Uber seeks to claw back costs from accepting worker status for UK drivers by increasing its commission paid by its longest-serving drivers
The Gig Economy Project, led by Ben Wray, was initiated by BRAVE NEW EUROPE enabling us to provide analysis, updates, ideas, and reports from all across Europe on the Gig Economy.
This series of articles concerning the Gig Economy in the EU was made possible thanks to the generous support of the Foundation Menschenwürde und Arbeitswelt
Uber has announced that its longest serving UK drivers will be forced to take an effective pay cut of 5 per cent from July, in a move condemned by the United Private Hire Drivers (UPHD), a branch of the IWGB Union.
The global ride-hail giant told the earliest drivers to sign-up for Uber in the UK on Monday [28 June] that the ‘Service Fee’ (the commission the company takes on each ride) will be increased from 20% to 25% from 13 July, bringing it into line with newer drivers on the app.
The move comes just one month after the company signed a formal recognition agreement with the GMB union, the first time the company had formally recognised a trade union anywhere in the world. However, the agreement was criticised by UPHD and other grassroots unions for excluding collective bargaining on pay, including on the implementation of the minimum wage.
In justifying the pay cut, Uber said that it wanted to “treat all drivers equally”, and also pointed to recent changes in its operations following the UK Supreme Court judgement in February which found that Uber drivers in the UK should be considered workers, and thus are entitled to certain benefits from the company including holiday pay and a pension.
In March, the company responded to the judgement by accepting most, though not all, of its ruling, introducing an additional payment of 12.07% of earnings to reflect holiday pay, a pension scheme and a guarantee of the minimum wage from pick-up to drop-off.
Nader Awaad, UPHD Chair and Uber driver, said of the pay cut: “We all knew that Uber would raid the drivers pockets to pay for them breaking the law and depriving drivers of their rights, and here they are doing exactly that.
“This is a company that is expanding and flooding cities around the world with drivers every day. They can more than afford to pay the hardworking drivers what they deserve, but instead it is the drivers who are being forced to pay out of the pittance they are making. “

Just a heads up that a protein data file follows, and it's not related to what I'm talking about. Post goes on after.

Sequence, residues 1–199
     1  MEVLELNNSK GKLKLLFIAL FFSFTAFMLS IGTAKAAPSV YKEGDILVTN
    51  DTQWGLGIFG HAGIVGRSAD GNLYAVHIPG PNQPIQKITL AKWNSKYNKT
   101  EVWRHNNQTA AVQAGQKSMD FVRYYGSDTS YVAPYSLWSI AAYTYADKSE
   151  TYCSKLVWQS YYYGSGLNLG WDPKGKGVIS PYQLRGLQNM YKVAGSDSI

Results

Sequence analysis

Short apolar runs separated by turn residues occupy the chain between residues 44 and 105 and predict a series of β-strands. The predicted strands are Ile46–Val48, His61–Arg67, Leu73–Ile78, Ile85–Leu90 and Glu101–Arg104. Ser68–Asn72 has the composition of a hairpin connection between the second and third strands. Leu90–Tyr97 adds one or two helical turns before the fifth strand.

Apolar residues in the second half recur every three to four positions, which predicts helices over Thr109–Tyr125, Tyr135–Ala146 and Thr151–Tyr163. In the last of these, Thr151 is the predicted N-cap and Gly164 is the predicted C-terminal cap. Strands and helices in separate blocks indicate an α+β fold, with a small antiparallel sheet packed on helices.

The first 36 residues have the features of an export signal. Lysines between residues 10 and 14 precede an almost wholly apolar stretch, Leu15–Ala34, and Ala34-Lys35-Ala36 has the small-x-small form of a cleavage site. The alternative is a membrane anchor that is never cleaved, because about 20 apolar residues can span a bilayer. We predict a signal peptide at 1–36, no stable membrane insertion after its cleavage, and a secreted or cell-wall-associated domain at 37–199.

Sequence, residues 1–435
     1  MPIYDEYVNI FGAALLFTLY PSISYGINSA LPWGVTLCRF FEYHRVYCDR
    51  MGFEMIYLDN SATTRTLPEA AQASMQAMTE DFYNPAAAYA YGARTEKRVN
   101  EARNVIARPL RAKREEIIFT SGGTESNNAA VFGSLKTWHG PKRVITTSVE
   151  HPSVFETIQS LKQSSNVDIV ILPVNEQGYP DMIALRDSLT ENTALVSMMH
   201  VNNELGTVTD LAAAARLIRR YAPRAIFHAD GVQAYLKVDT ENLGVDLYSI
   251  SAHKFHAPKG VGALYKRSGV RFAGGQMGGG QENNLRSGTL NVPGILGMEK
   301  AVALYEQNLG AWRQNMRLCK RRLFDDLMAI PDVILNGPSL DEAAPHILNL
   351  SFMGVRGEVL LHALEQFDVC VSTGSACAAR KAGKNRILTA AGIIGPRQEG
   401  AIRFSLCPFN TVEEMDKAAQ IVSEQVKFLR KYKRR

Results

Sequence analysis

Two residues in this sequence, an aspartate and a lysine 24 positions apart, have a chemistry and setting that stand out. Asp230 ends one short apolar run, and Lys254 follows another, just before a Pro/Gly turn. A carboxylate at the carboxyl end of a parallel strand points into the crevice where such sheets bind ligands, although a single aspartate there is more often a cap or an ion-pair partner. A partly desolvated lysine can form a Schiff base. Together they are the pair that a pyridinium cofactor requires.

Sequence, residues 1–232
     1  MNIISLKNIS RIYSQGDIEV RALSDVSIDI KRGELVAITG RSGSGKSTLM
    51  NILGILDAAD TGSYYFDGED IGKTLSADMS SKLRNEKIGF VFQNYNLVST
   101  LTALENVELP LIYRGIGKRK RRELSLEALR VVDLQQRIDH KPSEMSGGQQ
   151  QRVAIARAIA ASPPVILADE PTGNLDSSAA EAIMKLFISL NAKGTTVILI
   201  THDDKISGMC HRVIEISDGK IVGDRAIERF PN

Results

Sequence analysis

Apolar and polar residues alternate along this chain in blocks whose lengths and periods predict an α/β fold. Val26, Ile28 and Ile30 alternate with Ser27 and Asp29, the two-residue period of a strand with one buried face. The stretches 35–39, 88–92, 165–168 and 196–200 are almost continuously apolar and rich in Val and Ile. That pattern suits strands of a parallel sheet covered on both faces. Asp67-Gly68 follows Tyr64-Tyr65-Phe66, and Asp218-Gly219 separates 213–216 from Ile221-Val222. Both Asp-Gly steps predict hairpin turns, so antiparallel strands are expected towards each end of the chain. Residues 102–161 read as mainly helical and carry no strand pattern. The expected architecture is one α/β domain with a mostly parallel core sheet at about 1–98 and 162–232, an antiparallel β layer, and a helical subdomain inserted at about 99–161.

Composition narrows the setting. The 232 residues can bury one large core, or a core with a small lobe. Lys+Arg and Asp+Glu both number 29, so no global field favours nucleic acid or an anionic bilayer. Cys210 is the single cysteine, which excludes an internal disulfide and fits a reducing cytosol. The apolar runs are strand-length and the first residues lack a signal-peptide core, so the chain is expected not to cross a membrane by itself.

Hassan Haji, a long serving Uber driver and UPHD member, said: “I have worked for Uber for six years and working throughout the pandemic has been such a tough time for drivers. Not only have we seen pay drastically fall, we have had to risk our lives chasing the pennies on offer.
“I could not stay home and keep safe, and so I continued to work and carried passengers safely around London. The thanks I have got from Uber? A 5% pay cut that will further destroy my finances that were already in tatters. I am trying hard to recover from the pandemic and Uber seem to just want to make things worse.”
Yaseen Aslam, President of the App Drivers & Couriers (ADCU) Union, another grassroots union for Uber drivers, said that the pay cut showed why ADCU “would refuse to do any deal with Uber”.
He added: “In 2015 Uber announced an increase in commission from 20% to 25%. We protested at the time and Uber agreed not to change it for the existing drivers. Today, Uber has gone back on this agreement and increased it to 25%.”
The GMB union is yet to respond to the pay cut announcement publicly.
Uber has never turned a profit and reported losses of $6.77 billion in 2020 and $8.51 billion in 2019. In the US, where drivers still operate on a ‘self-employed’ basis, the company has been raising fares as the impact of the pandemic has receded, while at the same time making changes which have seen driver pay fall, including a reduction in minimum pay for long-distance trips. Uber CEO Dara Khosrowshahi said last year that the company will be profitable by the end of 2021.
Last week, The Gig Economy Project reported on a strike by ADCU Bolt drivers in the UK, demanding that the company respects the Uber Supreme Court ruling and implements worker status, saying that the company operates on an “identical” basis in relation to its drivers as Uber.
Meanwhile, the Independent Workers Union of Great Britain (IWGB), which the UPHD is part of, has announced a “school of organising” across the month of July, to support its members in developing their union organising skills at work.
Also last week, the IWGB lost a court case against Deliveroo, the food delivery platform backed by Amazon, over the self-employed status of its riders. The UK Court of Appeal ruled that Deliveroo riders could be considered self-employed on the basis that they could sub-contract the delivery to another person, despite the fact that a lower court had previously found that “in practice substitution is rare as there is no need for a Rider to engage a substitute.” The IWGB could potentially now take their appeal to the Supreme Court.